Air conditioning, energy, and climate change


in Economics, Politics, The environment

Here’s a statement liable to make a person think about ethics, international relations, climate change, and energy:

As Stan Cox points out in his book, “Losing Our Cool: Uncomfortable Truths About Our Air-Conditioned World“, America uses more energy for air conditioning than Africa uses for everything.

While it certainly illustrates some of the injustice that now exists between countries, it also touches upon the ways in which our present choices can be an injustice toward future generations, as well as how climate change can beget more climate change. As people get richer and the world gets hotter, more energy is likely to be used for air conditioning. Since much of that energy will come from fossil fuels, that will in turn cause more climate change.

{ 4 comments… read them below or add one }

Matt August 26, 2012 at 11:23 pm

Many places in the US which currently have a significant population would be uninhabitable without air conditioning. It’s not so much a luxury as a necessity in these areas.

That being said, my belief is that there are simply too many humans. What we do about that is a very difficult question.

Milan August 27, 2012 at 12:11 am

I agree that population reduction through voluntary birth control has appealing characteristics. It could play an important role in reducing the peak atmospheric concentration of CO2, for instance.

Given how costly unwanted children are to both individuals and the state, a strong utilitarian case can probably be made for providing various modes of effective contraception to all citizens at taxpayer expense.

. October 1, 2018 at 2:27 pm

Environmentalists who call air-conditioning “a luxury we cannot afford” have half a point, however. In the next ten years, as many air-conditioners will be installed around the world as were put in between 1902 (when air-conditioning was invented) and 2005. Until energy can be produced without carbon emissions, these extra machines will warm the world. At the moment, therefore, air-conditioners create a vicious cycle. The more the Earth warms, the more people need them. But the more there are, the warmer the world will be.

. October 1, 2018 at 2:35 pm

At current growth rates, according to the International Energy Agency (IEA), which advises national governments, 1bn air-conditioners will be installed globally in the next ten years. That would increase the world’s stock—1.6bn in 2016—by two-thirds (see chart). If you include refrigerators and systems that cool food, vaccines and data, the stock could be 6bn units in a decade. The growth in cooling will save lives, improve education and create wealth in the world’s hottest countries. But it brings huge environmental risks, warming the planet even as it cools people.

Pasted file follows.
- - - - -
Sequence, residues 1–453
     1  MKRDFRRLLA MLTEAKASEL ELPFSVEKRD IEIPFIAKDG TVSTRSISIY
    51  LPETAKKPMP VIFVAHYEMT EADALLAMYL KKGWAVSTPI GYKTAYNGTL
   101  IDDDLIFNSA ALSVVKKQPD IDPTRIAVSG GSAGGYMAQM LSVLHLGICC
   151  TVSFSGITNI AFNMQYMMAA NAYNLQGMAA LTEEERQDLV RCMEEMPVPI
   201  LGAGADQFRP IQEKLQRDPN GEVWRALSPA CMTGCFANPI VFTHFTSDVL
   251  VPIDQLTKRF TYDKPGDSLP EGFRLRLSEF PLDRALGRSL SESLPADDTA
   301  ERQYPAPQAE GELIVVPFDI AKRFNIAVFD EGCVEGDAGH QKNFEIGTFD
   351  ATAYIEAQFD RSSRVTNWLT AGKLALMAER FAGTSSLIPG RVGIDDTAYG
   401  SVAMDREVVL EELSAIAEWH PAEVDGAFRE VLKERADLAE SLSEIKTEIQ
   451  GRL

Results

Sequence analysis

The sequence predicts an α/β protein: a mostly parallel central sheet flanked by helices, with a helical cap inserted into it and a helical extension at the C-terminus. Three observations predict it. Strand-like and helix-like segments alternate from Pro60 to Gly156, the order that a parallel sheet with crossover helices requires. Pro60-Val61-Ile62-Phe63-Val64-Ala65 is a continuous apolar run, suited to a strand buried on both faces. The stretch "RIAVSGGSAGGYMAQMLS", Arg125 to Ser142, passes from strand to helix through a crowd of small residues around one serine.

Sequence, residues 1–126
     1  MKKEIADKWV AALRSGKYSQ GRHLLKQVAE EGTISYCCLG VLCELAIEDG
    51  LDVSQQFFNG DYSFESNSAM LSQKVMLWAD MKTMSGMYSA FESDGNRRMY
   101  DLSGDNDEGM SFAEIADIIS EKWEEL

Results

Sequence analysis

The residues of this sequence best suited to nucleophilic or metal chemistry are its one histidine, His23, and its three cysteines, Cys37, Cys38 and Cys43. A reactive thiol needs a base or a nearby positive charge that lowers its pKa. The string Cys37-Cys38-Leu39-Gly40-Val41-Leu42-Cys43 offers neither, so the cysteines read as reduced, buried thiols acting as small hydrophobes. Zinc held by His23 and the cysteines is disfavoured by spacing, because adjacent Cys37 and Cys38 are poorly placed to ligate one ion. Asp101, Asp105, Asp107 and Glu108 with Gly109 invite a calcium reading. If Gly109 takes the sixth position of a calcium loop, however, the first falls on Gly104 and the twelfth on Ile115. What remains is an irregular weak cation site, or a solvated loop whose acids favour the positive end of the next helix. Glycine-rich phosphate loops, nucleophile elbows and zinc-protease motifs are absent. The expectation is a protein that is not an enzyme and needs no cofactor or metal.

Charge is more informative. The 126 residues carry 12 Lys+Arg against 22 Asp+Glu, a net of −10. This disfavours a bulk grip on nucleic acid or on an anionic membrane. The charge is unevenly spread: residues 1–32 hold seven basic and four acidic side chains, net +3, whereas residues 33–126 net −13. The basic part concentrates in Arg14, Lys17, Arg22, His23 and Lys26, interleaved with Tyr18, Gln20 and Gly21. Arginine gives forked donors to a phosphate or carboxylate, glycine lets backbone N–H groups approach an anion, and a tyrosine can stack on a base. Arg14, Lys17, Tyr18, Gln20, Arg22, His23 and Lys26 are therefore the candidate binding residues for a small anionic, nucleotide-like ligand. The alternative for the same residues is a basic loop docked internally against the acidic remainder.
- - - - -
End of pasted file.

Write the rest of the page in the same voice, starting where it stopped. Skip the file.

In 1990 few Chinese households had air-conditioning. Twenty years later, the country had just under one unit per household. It now accounts for 35% of the world’s stock, compared with 23% for the United States. India and Indonesia are seeing rates of increase similar to China’s in the 1990s. The population of the 800km long southern coast of the Arabian Gulf increased from 500,000 in 1950 to 20m now, thanks to air-conditioned vertical palaces. At current rates, Saudi Arabia will be using more energy to run air-conditioners in 2030 than it now exports as oil.

Fatih Birol, the head of the IEA, calls the insatiable energy demands of air-conditioning “one of the most critical blind spots in today’s energy debate”. Slowly, that blind spot is being opened up. In 2017, the Lawrence Berkeley National Laboratory in California, a research centre, calculated the extra carbon emissions that could be saved if air-conditioners were better. If HFCs were phased out and all units were as efficient as the best ones, the world could be spared around 1,000 average-sized (500MW capacity) power stations by 2030. There would be many more air-conditioning units, but each would use less energy. In India, this would save three times as much in carbon emissions as the prime minister’s much-vaunted plan to install 100 gigawatts of solar capacity by 2022. In China, it would save as much as eight Three Gorges dams (the largest dam in the world).

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